Damaged Grump – Bad Chicago Bosses Read Online Nicole Snow

Categories Genre: Contemporary, Dark, Drama, Romance Tags Authors:
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Total pages in book: 150
Estimated words: 153203 (not accurate)
Estimated Reading Time in minutes: 766(@200wpm)___ 613(@250wpm)___ 511(@300wpm)
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Read Online Books/Novels:

Damaged Grump - Bad Chicago Bosses

Author/Writer of Book/Novel:

Nicole Snow

Language:
English
ISBN/ ASIN:
B09QT3TXXT
Book Information:

Wall Street Journal bestselling author Nicole Snow returns with a hysterical office romance where the grumpiest boss claims the good girl and loses his scorched heart.
Our meet cute was one big sip of ugly. He pushed my hell-no buttons, wearing an indestructible smirk. I offended his warped morals in front of his starry-eyed minions.
Then I got my sweet reward for doing the right thing. I found out I'd be calling Roland Osprey “boss.”
A filthy rich tabloid king. Emphasis on filthy. A gorgeous villain who sold his soul—if he ever had one.
A tyrant who stole my sensitive, uplifting music magazine. Welcome to my bait and switch.
Apparently, disasters come in threes. His perfect vests that leave me delirious. The way he stares at my lips—painted for torment with an arsenal of lipstick.
Our shared love for sad songs that makes me cry. So does the big fat secret assignment he drops on my head.
I hate that he has a good cause. I wish I could hate the wicked ways he makes me feel divine. When my guard slips, I'm in free fall.
One all-consuming kiss in an alley seals our epic mistake. How many times can one damaged grump make me sing the blues? How do you ever fall out of love with the bad guy?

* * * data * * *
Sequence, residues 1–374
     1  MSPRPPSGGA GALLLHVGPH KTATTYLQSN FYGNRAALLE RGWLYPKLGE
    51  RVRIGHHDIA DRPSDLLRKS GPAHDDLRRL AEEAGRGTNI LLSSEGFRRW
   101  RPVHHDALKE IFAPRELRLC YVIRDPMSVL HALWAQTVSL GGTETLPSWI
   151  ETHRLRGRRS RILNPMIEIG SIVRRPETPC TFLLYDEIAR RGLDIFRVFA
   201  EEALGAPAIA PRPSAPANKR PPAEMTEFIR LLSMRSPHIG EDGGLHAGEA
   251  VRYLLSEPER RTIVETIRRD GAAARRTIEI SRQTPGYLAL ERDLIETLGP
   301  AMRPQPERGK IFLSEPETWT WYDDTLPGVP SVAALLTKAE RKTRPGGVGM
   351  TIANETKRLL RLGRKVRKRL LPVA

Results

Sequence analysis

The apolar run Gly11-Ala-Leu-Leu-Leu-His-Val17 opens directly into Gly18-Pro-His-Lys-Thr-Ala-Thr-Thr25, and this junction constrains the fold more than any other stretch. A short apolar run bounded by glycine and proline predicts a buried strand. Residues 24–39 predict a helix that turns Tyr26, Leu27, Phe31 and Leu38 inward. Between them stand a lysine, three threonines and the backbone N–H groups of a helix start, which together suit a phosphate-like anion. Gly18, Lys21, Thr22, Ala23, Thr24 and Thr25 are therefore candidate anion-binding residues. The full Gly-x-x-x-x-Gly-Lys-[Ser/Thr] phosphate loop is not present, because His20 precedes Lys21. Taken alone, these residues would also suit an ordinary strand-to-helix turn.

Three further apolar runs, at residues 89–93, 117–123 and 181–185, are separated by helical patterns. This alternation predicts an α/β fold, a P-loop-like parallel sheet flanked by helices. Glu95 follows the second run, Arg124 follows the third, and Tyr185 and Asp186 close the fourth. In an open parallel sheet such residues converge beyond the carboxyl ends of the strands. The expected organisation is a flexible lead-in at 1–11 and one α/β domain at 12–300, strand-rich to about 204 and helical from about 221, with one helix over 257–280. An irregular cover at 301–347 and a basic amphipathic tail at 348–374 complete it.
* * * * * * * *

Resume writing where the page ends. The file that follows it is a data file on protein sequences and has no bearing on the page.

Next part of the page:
Full-length enemies-to-lovers romance doused in biting words and sizzling slow-burn tension. The worst boss ever finds his missing piece in the woman who loathes him—and an unlikely Happily Ever After worth all the lumps to the heart.
Books by Author:

Nicole Snow



1

Everybody Sings the Blues (Callie)

I’m breakdancing on cloud nine and nothing is going to ruin this.

Seriously. I don’t think I’ve ever sat in a chair this comfortable in my entire life.

The deep leather seat feels as soft and smooth as butter.

I’ve heard people say that before, but I never took it to heart when leather is supposed to be a tight, slick hide with a hint of texture, hardness, and too much tension in the cushion.

But until today, I’ve never had my butt kissed by fine leather in a luxury airport lounge.

This thing swallows you and conforms to your contours until you’re pretty sure you’ve either died and gone to heaven or else you’re having the strangest wet dream ever.

Just sitting shouldn’t be so magical.

Between this chair and an impeccably mixed mint julep, I might actually get used to flying first class. I could even settle into a nap with my eyes shut.

If only I didn’t feel so guilty about my father paying for my flight to Chicago out of his dwindling royalty funds. He refused to take no for an answer, though.

He also didn’t give his dearest—and only—daughter much choice when he’d already bought the ticket.

I just wish I’d remembered my AirPods. Not even the fuzzy ambient music in the lounge can drown out the sharp, clipped voices across from me.

They fly back and forth like arrows, taking up too much space in the room and completely disregarding everyone who’s trying to relax while we wait for our flights.